I am a 5th-year PhD student in the Department of Computer Science at the University of Virginia, advised by Prof. Samira Khan. My research interest lies in computer architecture and operating systmes, specifically in system and architectural for the imminent Persistent Memory (PM) technologies. Before that, I received my B.S degree from both Shanghai Jiaotong Unievrsity (SJTU) and the University of Michigan (UM) through the Dual-Degree Program.
Tony Mason, University of British Columbia (Systems)
I returned to complete my PhD after spending almost 30 years in industry, teaching about, designing, and developing systems software on a variety of platforms. My current research is in the storage area, with a focus on the "upper layers" of abstraction around metadata management and organization.
Theodoros Michailidis, UC San Diego (Systems (OS & Memory))
Theodore Michailidis is currently working toward the Ph.D. degree with the Department of Computer Science and Engineering, University of California, San Diego. His research interests lie on building efficient hybrid memory systems through cooperative software-hardware techniques.
Audrey Randall, University of California San Diego (Internet measurement and security)
I am a third-year PhD student studying Internet measurement and security at UCSD. I'm interested in security and privacy threats with real-world impact, such as stalkerware and DNS hijacking.
Olivia Weng, UC San Diego (embedded systems)
Olivia Weng is a first-year PhD student at UCSD researching how to map neural networks to FPGAs efficiently.
Hengyu Zhao, UC San Diego (Computer architecture and autonomous driving)
Hengyu is a 5th year PhD candidate from CSE Department, UC San Diego. His research includes computer architecture design for machine learning and autonomous driving. He is willing to share the experience as a PhD to every attendee.


Emery Berger, University of Massachusetts Amherst (Systems)
Emery Berger is a professor at the University of Massachusetts Amherst, where he co-leads the PLASMA lab (https://plasma-umass.org). His group is well known for its influential research and software systems, many of which have enjoyed broad adoption: their work has influenced the development of the Rust and Swift languages, and memory managers deployed in both Mac OS X and Microsoft Windows. He also developed and maintains the CSrankings.org website. He was named an ACM Fellow in 2019.
Vijay Chidambaram, University of Texas at Austin (Systems)
Vijay Chidambaram is an Assistant Professor in the Computer Science department at the University of Texas at Austin. His papers have won Best Paper Awards in ATC 2018, FAST 2018, and FAST 2017. He was awarded the NSF CAREER Award in 2018 and the SIGOPS Dennis M. Ritchie Dissertation Award in 2016. Techniques from his work have been incorporated into commercial products, and his work has helped make the Linux kernel more reliable.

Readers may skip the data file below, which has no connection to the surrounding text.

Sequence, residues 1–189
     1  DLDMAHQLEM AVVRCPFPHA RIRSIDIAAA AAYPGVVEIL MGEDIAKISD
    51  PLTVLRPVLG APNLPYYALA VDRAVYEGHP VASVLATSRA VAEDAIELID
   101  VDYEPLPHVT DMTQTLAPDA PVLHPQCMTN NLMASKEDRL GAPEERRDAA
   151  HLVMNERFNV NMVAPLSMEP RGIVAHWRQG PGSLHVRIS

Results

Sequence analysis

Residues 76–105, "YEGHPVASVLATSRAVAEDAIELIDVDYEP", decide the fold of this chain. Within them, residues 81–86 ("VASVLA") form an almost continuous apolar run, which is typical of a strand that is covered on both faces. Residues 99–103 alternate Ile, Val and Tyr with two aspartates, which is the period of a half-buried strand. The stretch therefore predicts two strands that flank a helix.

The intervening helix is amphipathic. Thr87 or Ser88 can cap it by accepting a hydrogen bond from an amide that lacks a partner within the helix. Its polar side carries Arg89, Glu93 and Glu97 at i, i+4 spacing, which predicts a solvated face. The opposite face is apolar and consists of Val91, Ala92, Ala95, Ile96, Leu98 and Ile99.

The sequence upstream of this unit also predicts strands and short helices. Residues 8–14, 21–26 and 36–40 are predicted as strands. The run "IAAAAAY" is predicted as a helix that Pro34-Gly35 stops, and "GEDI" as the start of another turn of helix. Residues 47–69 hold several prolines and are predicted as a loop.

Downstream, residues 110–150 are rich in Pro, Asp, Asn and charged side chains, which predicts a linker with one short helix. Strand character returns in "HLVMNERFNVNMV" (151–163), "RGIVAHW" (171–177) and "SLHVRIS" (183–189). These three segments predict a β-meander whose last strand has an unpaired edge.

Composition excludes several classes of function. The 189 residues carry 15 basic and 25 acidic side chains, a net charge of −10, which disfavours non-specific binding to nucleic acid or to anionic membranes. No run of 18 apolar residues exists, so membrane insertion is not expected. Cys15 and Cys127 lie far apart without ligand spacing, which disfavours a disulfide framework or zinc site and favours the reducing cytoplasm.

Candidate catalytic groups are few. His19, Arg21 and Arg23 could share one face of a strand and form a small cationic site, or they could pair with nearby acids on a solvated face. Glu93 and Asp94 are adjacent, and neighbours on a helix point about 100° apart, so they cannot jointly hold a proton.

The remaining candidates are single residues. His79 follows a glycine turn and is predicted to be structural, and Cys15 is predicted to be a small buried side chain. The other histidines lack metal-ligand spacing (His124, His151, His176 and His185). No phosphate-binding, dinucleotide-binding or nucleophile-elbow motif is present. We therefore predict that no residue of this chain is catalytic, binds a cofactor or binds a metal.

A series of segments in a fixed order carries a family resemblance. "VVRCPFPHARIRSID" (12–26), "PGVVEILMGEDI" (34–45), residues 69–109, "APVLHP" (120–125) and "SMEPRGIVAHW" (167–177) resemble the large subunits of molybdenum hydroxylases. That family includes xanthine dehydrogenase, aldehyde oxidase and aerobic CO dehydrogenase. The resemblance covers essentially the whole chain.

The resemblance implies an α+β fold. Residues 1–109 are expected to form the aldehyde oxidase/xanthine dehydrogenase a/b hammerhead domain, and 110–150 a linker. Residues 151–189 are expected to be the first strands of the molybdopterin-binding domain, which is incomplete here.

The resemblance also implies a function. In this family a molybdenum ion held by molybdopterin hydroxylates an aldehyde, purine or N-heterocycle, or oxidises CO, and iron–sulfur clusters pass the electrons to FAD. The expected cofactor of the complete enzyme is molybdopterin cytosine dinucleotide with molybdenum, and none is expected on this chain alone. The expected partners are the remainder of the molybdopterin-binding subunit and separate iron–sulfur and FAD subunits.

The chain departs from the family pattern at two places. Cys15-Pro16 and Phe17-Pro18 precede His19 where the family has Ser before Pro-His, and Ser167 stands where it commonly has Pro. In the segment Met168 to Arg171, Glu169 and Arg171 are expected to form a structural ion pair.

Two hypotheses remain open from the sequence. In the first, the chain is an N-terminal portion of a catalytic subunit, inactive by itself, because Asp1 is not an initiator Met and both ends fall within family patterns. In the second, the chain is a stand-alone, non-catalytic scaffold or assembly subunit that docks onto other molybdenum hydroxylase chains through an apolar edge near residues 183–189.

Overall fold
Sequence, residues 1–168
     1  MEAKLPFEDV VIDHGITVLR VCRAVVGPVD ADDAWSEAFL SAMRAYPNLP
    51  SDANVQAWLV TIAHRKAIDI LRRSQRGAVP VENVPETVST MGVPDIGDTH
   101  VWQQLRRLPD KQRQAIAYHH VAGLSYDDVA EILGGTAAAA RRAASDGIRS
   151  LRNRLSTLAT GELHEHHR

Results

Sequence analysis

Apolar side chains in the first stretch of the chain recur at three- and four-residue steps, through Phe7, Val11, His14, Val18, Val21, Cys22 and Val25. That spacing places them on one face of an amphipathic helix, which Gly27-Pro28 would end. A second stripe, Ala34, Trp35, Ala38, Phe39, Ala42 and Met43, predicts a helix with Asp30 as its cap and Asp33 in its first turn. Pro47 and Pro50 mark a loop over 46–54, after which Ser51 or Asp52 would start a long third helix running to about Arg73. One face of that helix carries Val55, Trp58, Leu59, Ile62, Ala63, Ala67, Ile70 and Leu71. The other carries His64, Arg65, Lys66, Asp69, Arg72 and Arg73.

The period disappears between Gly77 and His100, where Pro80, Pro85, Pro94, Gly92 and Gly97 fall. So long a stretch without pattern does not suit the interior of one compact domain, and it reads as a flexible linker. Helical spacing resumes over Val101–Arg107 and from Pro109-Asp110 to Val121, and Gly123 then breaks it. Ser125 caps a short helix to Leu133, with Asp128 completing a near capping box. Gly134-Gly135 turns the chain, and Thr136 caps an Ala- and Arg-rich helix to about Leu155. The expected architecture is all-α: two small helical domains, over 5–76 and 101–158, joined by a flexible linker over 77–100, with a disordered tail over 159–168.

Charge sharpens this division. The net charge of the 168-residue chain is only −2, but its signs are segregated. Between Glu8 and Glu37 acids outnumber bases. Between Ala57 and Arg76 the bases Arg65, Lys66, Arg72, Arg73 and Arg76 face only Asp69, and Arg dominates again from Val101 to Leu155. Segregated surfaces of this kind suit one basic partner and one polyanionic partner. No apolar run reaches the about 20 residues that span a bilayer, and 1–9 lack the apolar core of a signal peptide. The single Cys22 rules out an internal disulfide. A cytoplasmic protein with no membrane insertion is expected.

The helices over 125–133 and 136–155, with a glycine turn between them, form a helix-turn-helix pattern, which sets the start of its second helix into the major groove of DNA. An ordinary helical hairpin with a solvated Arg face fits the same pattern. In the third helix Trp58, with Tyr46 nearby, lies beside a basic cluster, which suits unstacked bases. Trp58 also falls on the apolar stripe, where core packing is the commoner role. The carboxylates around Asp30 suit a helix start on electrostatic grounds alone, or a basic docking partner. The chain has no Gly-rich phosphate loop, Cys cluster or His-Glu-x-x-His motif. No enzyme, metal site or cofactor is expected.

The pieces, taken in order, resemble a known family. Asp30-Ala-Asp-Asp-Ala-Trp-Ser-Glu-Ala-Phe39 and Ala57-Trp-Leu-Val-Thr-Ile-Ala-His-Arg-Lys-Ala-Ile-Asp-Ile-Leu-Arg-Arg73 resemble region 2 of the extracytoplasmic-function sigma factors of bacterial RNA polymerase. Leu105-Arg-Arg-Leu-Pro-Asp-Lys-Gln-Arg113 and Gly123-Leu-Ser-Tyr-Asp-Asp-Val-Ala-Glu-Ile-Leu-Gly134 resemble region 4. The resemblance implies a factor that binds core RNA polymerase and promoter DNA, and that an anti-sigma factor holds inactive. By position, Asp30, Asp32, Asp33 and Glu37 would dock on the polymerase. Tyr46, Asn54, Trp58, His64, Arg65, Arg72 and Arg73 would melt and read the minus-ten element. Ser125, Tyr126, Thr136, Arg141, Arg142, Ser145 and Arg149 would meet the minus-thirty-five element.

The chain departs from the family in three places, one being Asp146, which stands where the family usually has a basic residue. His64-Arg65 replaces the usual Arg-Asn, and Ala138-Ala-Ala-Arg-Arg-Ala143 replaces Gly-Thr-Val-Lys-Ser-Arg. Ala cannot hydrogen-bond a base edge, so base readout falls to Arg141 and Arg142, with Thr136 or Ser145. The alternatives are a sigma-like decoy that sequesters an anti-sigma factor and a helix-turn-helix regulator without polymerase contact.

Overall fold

Ada Gavrilovska, Georgia Tech (Systems)
Ada Gavrilovska is an associate professor in the School of Computer Science at Georgia Tech. She directs the Kernel research group, focused on performance, scalability and efficiency problems across the systems software stack. Gavrilovska's research is supported by the NSF, the US government, industry, and the SRC research center on Applications Driving Architectures (ADAcenter.org). She served as the program co-chair of the USENIX Annual Technical Conference in 2020.
Samira Khan, University of Virginia (Systems and Architecture)
Chandra Krintz, UCSB (Programming systems)
Chandra's research interests include programming systems, IoT, edge and cloud computing, and data analytics with applications in farming, ranching, and conservation science. Chandra has advised over 70 undergraduate and graduate students, has published numerous research articles in programming and distributed systems, and participates in efforts to broaden participation in computing.
Shriram Krishnamurthi, Brown University (Software: from languages to security to education)
Shriram is the Vice President for Programming Languages at Brown University in Providence, RI, USA. He’s not, really, but that’s what it says on his business card. At heart, he's a person of ill-repute: a Schemer, Racketeer, and Pyreteer. He believes tropical fruit are superior to all other kinds. He is terrified of success, because he may be forced to buy a suit. He is known to interrogate his audiences to ensure they’re paying attention. So, be alert. You can read email later.
Rachel Pottinger, University of British Columbia (Databases)
Rachel Pottinger an Associate Professor in Computer Science at the University of British Columbia. She received her PhD in computer science from the University of Washington in 2004. Her main research interest is data management, particularly semantic data integration, how to manage metadata, how to manage data that is currently not well supported by databases, and how to make data easier to understand and explore.
John (Jack) Sampson, Pennsylvania State University (Computer Architecture)
Jack Sampson is an Associate Professor in the School of EECS at the Pennsylvania State University, which he joined in 2013. Prior to joining Penn State, he was a PhD student, and then postdoctoral scholar, at the University of California at San Diego. His research interests span intermittent computing, energy-efficient computation, and the design and exploitation of emerging memory technologies.